In going from the secured position of FIG. 6 to the latched but unsecured position of FIG. 7 upon turning outer shell 21 with inner shell 20 90 counterclockwise by rotating bail 42 90 counterclockwise, spring 38 forces pin 41 down in the 90 spiral groove, with the shaft 14, 16 moving downward. When the bail 42 is turned the second 90 counterclockwise the upper pin 41 is forced counterclockwise by the slot the full 90 to the unlatched position and the bottom pin 43 rides in lower slot 45, thereby permitting the shaft 14, 16 to turn to the unlatched position of FIG. 8.

The foregoing procedure is reversed when locking the hatch latch according to the invention, with the key-locking step being omitted if a plug 67 is used in cavity 66 instead of a locking mechanism when a hatch requires only secure latching without locking, the shaft being turned clockwise 90 in the first step to the latched but not secured position and the shaft being raised when turning the bail a second 90 clockwise to position the latch member 22 in a hatch latched and secured position.

With particular reference to FIG. 2, top surface 44 has a groove 46 surrounding cavity, plug or key cylinder 28 to shed water via at least one channel 48 off of surface 44 in a radial manner. Clamp nut 50 referred to hereinabove as an adjustable bolt, via threading fixes or tightens the hatch latch to hatch or hatch cover 52 (FIGS. 3 through 9) shown covered with carpet or linoleum or the like 54. Upper O-ring 56 and lower O-ring 58 help further in providing waterproofing by preventing water from leaking around the edge of the hole in which the hatch latch is inserted into a lower compartment.

The key unlocking and locking procedure according to the invention, involves first, turning the key in the key cylinder to its unlocked position (from which position the bail may be used to rotate the latch among all three positions, the up-secure, the down-latched and the down-unlatched.) And then turning the key back to its locked position, at which point the key may be removed, then will be locked without the key the hatch latch when the bail is turned to the latched and secure position.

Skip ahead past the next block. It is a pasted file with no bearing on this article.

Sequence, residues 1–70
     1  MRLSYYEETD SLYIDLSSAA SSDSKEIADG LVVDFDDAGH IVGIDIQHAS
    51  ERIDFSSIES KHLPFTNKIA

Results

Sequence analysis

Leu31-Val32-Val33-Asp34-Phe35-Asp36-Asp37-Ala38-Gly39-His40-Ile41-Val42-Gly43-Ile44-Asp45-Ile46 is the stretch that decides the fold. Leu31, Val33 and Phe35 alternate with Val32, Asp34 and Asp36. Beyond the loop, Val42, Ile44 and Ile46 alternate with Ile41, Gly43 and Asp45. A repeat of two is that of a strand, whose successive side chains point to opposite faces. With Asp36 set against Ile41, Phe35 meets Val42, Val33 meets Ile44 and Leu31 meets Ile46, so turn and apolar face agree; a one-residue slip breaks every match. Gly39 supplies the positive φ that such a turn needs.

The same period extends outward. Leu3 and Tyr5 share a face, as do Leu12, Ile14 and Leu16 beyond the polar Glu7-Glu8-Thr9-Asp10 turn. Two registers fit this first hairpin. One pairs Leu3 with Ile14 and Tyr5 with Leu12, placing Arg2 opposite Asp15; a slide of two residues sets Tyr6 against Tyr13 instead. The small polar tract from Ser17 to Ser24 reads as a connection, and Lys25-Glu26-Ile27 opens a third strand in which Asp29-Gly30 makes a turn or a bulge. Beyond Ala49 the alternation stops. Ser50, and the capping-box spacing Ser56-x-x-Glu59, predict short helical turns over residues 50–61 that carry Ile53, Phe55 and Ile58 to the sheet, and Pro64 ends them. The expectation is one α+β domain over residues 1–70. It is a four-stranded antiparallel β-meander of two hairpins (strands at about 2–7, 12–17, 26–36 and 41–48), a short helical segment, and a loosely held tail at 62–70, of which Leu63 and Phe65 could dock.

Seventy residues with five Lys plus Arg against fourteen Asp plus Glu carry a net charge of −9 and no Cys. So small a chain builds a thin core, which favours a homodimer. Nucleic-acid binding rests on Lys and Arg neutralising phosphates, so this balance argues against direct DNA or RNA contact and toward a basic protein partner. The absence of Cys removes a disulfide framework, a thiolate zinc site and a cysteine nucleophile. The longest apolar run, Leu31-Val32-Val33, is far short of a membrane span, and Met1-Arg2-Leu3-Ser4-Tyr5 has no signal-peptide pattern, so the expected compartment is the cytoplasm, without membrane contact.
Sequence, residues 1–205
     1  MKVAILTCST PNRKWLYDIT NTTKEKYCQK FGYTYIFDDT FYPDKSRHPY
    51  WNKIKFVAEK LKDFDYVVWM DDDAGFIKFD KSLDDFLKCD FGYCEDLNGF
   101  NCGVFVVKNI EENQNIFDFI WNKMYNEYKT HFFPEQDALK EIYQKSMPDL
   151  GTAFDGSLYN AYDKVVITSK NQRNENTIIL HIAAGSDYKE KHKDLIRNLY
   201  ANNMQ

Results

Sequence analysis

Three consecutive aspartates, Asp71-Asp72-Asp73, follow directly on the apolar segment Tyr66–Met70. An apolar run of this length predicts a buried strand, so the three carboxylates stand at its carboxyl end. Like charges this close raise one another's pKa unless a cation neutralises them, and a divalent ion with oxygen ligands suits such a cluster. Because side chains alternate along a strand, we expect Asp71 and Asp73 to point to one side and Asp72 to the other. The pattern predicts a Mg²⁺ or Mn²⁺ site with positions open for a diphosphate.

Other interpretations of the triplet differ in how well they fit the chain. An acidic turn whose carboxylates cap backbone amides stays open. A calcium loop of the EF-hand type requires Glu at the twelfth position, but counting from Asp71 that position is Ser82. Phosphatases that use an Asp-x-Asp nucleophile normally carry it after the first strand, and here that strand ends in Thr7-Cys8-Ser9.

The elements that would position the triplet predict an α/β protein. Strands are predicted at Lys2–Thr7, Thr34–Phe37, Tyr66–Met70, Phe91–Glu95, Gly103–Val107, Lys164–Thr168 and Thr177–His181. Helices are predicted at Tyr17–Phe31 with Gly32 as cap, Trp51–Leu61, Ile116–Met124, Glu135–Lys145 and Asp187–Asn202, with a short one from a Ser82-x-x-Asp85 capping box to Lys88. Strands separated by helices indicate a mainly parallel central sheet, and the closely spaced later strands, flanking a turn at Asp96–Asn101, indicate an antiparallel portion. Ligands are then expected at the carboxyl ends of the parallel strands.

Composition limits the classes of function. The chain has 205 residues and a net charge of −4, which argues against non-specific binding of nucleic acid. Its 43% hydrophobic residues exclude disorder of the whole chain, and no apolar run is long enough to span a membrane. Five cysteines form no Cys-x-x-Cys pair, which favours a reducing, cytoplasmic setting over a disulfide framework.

In FIG. 6 the spring loaded rod or pin (32 of FIG. 3) is shown in an unlocked position "riding or floating around" the inside of outer shell 21 under spring tension until falling or springing into lock slot 19 as shown in FIG. 3.

A big advantage of the hatch latch of the invention is that a boatman can purchase it with the locking mechanism for as many hatches as he needs to lock with a plug instead of a locking mechanism for hatches he does not need to lock and still have the benefit of a secure latched position in addition to one which is not secured. A further advantage is that a user can move the latch back and forth to any latch member position easily both when it has the locking mechanism and is unlocked and when it has no locking mechanism but a plug instead.

While the invention has been described in terms of preferred embodiments, the claims appended hereto are intended to encompass all embodiments which fall within the spirit of the invention.

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Referenced by
Citing PatentFiling datePublication dateApplicantTitle
US5913908 *Apr 25, 1997Jun 22, 1999Accon Marine, Inc.Hatch latch with integral lock
US6041627 *Oct 5, 1998Mar 28, 2000Buckland; StuartCompression latch
US6116660 *Oct 3, 1998Sep 12, 2000Southco, Inc.Apparatus for sealing latching devices
US6568226 *Aug 28, 1999May 27, 2003Dieter RamsauerRotating-lock closure with traction unit
US6640592May 8, 2001Nov 4, 2003Southco, Inc.Key operated latch with combined rotational and translational latching action
US6843082Sep 3, 2003Jan 18, 2005Southco, Inc.Key operated latch with combined rotational and translational latching action
US6953209 *Sep 24, 2002Oct 11, 2005Southco, Inc.Compression latch
US6976375 *May 21, 2004Dec 20, 2005Fastec Industrial Corp.Door latch with adjustable latch element
US7210319 *Dec 5, 2003May 1, 2007Rav Bariach Vehicle Protection Ltd.Multifunctional vehicle lock
US7320236 *Apr 12, 2005Jan 22, 2008NorincoDevice that makes it possible to lock and unlock, by means of a key, a stopper or cover on a frame
US7441427Sep 14, 2007Oct 28, 2008Southco, Inc.Binary coded key and tamper resistant latch
US7731888Jan 15, 2009Jun 8, 2010John D. Brush & Co., Inc.Mold device and method for forming a lock bore
US8191941 *Dec 14, 2005Jun 5, 2012Dieter RamsauerLock with a turning and drawing bolt
US20110309637 *Jan 29, 2010Dec 22, 2011Illinois Tool Works Inc.Fixing device for fixing an actuation device with push-push kinematics
CN1312371C *Sep 24, 2003Apr 25, 2007索斯科公司Prssure lock
WO1999016993A1 *Aug 28, 1998Apr 8, 1999SouthcoApparatus for sealing latching devices
WO2000020714A1 *Oct 4, 1999Apr 13, 2000SouthcoCompression latch
WO2013112166A2 *Jan 26, 2012Aug 1, 2013Empire Technology Development LlcSprung latch fastener
U.S. Classification70/125, 70/208, 70/360, 292/66, 70/127, 292/DIG.31
International ClassificationE05C3/04, E05B17/00
Cooperative ClassificationY10S292/31, E05C3/042, E05B17/002
European ClassificationE05C3/04B2
Legal Events
Feb 24, 2004FPExpired due to failure to pay maintenance fee
Effective date: 20031231
Dec 31, 2003LAPSLapse for failure to pay maintenance fees
Jul 16, 2003REMIMaintenance fee reminder mailed
Jun 28, 1999FPAYFee payment
Year of fee payment: 8
Jun 12, 1995FPAYFee payment
Year of fee payment: 4